Bill Pringle - Bill@BillPringle
Talk Given at a Ring Ceremony for Steve and
by Bill Pringle
August 2, 2003
Steve Deininger was one of my former Valiant B students (9 year-olds turning 10) in Primary. After 9/11, he enlisted in the army as an Intelligence Officer. While stationed in Korea, he met and married an American woman who was teaching there. She is not a member of the Mormon Church, and in fact, her father is a minister for the Church of the Nazarine in a small town in Kentucky.
After Steve got transfered back to the States, they held a Ring Ceremony at our Chapel. I was asked to give a 5 minute talk about Marriage. There were two speakers: myself and the bride's father.
First off, let me say that it is an honor to be asked to speak at such a special time in your lives. And Steve, let me put your mind at ease. I won't tell any embarrassing stories about when you were little. Partly because I can't think of any at the moment.
Larissa, even though we haven't really met, there are a few things I already know about you. First, you have excellent taste in men. And, because I know Steve so well, I also know that you must be a really great person. Congratulations to both of you.
I hope you don't mind an old man passing along some words of advice. From now on, in your lives, you have two choices: you can be right, or you can be married.
What I mean by that is that, when differences arise (and they will), if your priority is to prove that you are right, then you are weakening your marriage. You can't win an argument, because if you win, then your spouse loses. And since we read in Genesis 2:24
So, if your spouse loses, then you lose also. Don't try to win an argument; try to settle it. Don't try to prove that you are right; try to find out what is right.
Furthermore, when it comes to marriage, perception is reality. For example: Steve, if Larissa says you don't ever do the dishes, or pick up your socks, or whatever, the fact that it did it last Tues doesn't matter. If she thinks you don't do something enough, then you don't. Try to resolve the difference; don't try to prove you are right.
Now Larissa, I know that you are not a Mormon, so I thought I would explain a few things about how Mormons view marriage so that you can better understand where Steve is coming from.
First, we believe that marriage can be eternal. We believe that, when married in a temple, marriage is not just "until death do us part", but for time and all eternity. Now, I don't know of any other religions that teach that, but on the other hand, I know of few individuals who don't believe it, or at least wish it were true. Even C.S. Lewis, in his book "Mere Christianity" calls this belief a great temptation, something that many want to believe.
Now this belief greatly affects how Mormons view marriage. Even though the vows you took were "until death do us part", there are many in this world today that interpret that to mean "until I get tired of you" or "until I get offended." Mormons tend to have an eternal perspective on marriage. When you believe that you will be spending eternity together, you work much harder at a marriage than those who are "waiting until the kids are grown."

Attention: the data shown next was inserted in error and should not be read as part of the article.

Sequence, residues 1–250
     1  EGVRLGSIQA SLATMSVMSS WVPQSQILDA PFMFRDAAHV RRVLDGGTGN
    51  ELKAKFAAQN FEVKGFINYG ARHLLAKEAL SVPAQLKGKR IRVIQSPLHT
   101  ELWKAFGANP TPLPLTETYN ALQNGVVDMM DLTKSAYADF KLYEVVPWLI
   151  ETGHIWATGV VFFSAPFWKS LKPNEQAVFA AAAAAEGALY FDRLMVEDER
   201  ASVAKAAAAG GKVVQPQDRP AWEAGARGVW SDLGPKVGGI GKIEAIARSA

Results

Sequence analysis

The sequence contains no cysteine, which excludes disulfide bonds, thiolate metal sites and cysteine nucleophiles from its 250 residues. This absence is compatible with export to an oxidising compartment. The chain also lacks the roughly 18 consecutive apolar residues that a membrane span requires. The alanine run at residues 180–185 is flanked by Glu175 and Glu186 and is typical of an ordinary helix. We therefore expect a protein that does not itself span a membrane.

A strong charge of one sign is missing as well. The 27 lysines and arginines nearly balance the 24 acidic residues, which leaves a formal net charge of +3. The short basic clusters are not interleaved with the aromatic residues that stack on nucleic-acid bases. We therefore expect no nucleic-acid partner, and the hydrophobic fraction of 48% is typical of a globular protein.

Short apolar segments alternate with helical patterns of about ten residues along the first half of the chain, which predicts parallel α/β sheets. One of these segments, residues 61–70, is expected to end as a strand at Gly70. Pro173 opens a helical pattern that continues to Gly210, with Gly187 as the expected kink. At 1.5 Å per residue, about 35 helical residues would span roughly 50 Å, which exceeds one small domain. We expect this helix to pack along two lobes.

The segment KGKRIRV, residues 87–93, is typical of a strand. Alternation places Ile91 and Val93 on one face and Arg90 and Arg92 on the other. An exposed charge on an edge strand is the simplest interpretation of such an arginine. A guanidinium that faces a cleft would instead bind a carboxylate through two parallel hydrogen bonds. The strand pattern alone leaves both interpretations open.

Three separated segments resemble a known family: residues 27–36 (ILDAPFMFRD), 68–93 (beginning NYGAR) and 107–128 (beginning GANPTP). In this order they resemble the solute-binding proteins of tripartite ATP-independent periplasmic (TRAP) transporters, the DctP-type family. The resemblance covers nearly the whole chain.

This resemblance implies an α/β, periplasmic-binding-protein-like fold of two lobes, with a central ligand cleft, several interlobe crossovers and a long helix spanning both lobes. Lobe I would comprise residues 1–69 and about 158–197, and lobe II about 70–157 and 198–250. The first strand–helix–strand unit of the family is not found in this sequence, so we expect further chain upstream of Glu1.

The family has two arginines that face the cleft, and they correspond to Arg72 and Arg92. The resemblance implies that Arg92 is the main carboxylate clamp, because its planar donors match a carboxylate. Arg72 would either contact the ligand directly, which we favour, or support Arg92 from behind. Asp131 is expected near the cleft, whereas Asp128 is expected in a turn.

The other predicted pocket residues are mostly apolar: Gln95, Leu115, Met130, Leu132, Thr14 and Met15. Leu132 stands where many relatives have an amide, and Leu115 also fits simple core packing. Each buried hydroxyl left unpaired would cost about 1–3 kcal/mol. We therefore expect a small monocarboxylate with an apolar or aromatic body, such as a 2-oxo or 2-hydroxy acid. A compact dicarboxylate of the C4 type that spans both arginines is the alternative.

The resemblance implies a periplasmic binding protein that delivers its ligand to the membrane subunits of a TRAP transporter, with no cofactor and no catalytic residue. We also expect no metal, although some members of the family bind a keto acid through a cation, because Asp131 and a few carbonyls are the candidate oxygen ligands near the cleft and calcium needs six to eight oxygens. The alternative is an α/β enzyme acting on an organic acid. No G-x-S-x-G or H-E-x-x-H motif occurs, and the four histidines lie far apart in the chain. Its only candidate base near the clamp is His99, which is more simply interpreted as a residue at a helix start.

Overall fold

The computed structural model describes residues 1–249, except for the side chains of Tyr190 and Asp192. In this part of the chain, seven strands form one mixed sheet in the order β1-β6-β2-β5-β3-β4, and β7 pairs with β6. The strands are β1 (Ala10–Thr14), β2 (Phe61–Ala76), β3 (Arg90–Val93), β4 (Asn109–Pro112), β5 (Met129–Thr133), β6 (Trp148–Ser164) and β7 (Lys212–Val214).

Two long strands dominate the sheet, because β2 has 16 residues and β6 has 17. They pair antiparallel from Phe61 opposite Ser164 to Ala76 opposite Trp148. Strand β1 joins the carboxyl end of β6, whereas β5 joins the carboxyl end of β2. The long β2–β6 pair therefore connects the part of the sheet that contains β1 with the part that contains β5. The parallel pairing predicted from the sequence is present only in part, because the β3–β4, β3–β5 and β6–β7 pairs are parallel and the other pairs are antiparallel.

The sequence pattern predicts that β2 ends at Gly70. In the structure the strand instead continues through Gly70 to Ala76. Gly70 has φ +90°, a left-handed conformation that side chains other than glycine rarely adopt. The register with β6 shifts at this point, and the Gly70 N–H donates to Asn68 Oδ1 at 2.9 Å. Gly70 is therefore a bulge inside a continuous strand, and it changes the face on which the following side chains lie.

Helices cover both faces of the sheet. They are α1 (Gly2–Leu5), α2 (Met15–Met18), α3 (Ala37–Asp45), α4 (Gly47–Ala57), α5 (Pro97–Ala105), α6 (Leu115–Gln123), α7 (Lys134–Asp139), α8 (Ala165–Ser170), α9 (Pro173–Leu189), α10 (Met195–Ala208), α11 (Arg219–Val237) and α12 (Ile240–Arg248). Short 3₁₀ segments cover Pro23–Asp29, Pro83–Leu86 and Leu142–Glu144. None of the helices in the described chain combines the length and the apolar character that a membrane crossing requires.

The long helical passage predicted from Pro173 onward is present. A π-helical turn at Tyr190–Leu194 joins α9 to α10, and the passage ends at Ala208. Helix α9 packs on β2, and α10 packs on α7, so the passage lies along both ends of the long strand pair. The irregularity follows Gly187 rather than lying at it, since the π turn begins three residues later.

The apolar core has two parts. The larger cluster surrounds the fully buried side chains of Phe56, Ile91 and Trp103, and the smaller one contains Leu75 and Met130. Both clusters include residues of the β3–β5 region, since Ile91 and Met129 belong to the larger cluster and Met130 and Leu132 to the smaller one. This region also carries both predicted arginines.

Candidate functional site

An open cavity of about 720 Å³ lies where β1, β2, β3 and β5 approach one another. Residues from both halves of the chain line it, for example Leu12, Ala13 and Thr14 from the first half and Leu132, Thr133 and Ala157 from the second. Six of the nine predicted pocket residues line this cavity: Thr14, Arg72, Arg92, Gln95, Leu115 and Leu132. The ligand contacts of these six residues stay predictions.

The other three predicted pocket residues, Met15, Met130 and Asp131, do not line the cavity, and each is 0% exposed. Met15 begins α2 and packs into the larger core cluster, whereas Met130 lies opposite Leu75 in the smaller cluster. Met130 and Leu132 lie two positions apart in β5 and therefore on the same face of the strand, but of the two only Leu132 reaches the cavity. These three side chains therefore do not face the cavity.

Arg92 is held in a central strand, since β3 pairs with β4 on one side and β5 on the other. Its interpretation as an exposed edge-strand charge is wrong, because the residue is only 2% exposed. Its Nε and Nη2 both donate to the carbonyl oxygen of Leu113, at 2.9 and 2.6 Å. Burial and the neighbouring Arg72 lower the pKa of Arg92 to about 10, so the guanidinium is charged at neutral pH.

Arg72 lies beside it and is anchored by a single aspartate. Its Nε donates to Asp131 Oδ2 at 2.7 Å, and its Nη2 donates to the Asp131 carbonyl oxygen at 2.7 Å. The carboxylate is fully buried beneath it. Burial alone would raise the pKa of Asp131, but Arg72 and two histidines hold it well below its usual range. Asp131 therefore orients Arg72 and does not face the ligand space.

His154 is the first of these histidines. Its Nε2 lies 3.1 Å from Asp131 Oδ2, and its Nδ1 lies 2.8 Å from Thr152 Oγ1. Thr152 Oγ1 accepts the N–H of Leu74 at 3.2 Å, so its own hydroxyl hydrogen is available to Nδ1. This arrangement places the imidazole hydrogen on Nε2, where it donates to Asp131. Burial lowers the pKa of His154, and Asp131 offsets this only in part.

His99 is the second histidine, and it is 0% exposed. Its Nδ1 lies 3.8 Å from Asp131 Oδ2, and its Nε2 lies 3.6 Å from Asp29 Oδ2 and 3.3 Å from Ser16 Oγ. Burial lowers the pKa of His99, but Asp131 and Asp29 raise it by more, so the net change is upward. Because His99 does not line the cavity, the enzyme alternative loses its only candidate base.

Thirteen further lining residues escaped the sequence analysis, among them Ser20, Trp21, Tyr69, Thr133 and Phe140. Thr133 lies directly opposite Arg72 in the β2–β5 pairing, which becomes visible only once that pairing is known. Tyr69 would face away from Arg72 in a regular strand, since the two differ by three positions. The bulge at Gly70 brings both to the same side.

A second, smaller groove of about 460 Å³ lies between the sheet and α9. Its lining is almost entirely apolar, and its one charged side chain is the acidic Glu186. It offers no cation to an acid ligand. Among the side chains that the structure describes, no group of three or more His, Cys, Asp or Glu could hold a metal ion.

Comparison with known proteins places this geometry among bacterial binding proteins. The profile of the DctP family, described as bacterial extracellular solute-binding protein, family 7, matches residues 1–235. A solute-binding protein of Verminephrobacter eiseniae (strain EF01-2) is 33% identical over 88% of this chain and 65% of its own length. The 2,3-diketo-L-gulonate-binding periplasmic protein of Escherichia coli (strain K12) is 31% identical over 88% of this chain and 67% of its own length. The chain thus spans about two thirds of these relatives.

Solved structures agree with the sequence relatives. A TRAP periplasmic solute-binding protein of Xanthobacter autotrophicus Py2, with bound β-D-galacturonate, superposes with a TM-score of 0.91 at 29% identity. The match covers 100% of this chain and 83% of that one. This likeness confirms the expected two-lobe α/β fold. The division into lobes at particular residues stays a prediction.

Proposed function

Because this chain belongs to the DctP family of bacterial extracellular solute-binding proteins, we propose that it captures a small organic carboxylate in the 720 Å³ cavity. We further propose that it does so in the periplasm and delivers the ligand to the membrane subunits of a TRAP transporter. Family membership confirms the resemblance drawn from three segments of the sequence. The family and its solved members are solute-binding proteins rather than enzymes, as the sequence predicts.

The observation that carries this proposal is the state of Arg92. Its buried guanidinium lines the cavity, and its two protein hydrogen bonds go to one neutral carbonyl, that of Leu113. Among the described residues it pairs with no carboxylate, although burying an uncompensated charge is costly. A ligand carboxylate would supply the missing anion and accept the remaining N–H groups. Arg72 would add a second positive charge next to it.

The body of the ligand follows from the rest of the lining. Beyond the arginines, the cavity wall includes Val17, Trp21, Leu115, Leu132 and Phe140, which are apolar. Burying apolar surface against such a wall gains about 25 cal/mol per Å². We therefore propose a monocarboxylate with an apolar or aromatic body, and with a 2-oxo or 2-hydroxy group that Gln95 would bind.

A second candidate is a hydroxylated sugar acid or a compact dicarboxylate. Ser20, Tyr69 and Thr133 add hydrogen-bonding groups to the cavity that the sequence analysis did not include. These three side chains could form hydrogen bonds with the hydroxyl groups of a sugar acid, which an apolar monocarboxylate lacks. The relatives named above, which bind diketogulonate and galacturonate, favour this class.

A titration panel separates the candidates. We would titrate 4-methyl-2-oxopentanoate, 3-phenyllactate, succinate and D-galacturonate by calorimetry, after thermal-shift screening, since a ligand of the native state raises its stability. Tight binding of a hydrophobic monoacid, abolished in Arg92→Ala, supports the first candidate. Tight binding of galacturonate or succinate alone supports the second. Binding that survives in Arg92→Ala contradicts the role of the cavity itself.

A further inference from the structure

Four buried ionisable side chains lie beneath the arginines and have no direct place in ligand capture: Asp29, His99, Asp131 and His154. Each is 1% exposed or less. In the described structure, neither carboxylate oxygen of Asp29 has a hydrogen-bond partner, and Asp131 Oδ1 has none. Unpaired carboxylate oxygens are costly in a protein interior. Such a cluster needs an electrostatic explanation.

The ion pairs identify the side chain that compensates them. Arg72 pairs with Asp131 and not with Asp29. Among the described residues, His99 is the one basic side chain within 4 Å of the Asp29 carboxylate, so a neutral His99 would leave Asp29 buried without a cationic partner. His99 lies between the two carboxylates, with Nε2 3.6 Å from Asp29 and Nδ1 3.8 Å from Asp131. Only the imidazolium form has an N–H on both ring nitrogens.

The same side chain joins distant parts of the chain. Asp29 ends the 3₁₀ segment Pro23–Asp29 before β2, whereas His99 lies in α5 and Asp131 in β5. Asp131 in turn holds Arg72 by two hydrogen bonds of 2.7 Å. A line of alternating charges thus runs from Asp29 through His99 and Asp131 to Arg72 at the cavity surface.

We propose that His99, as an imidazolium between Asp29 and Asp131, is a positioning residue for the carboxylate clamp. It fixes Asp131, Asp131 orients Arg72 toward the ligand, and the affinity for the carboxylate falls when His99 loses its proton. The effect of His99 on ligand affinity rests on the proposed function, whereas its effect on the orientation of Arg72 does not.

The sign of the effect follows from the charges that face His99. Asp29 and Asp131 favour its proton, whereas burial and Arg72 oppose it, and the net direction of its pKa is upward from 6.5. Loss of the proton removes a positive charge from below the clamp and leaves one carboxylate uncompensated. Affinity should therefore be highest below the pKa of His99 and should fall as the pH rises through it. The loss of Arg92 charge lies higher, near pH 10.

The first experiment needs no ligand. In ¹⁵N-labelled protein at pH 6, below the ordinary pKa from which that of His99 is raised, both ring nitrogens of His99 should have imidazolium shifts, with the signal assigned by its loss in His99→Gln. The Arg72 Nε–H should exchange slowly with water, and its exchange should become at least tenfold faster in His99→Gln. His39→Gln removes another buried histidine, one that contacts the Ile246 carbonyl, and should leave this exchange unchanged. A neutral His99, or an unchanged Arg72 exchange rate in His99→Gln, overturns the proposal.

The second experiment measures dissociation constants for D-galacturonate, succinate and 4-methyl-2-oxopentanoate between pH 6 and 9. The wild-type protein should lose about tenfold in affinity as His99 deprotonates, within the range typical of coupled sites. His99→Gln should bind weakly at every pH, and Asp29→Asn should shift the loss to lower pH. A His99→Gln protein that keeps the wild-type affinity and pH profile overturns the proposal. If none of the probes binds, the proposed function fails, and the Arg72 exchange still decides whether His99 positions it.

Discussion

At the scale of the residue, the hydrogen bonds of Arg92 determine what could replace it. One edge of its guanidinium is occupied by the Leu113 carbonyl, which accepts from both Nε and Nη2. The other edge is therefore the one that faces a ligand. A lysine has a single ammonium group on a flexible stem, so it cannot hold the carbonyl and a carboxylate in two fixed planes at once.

Larissa, even if you don't believe in eternal marriage, I can promise you that if you live your life as if it were true, you will have a stronger and better marriage.
Another thing that Mormons believe about marriage is the Patriarchal Order: the man is the head of the family. Now, some believe that this means the husband is always right, but in reality it means that the husband is always wrong. The husband is responsible for harmony in the family. If anything is going wrong, then he isn't doing his job.
There are some who have used this doctrine to suppress women, and that is wrong. One scripture that this belief is based on is Ephesians 5:22-24
Spencer W. Kimball, my favorite modern day prophet, talked about this scripture. We are willing to follow the Savior because we know that He loves us and wants what is best for us. When the husband has this kind of love and concern for his family, and he strives to do Heavenly Father's will, not only the wife, but the entire family will follow after him.
Steve, your job is to do everything you can for your family. Larissa, your job is to help Steve do his job.
Now, there are some who say that marriage is a 50-50 proposition; others say it is 100-100. I have trouble with both views. If you go with 50-50, then a lot of time is spent bickering over where the midpoint is. 100-100 is great, but only the Savior was selfless enough to devote 100% of his efforts towards others. There are a few who have come close in this life. If you have been around Steve's dad for more than half an hour, I am sure he has mentioned Gandhi; he is one. Mother Theresa is another that comes to mind, but most of us don't have that kind of dedication.
So, instead I would like to propose another rule: the 60-40 rule. If each of you promise to go 60% of the way, provided the other will go 40%, then you won't be arguing over the midpoint, and your spouse will always be doing more than what you expect.
Steve and Larissa, I wish both of you the best. May your lives be blessed with the company of each other. And in years to come, may you always be more in love than you were before.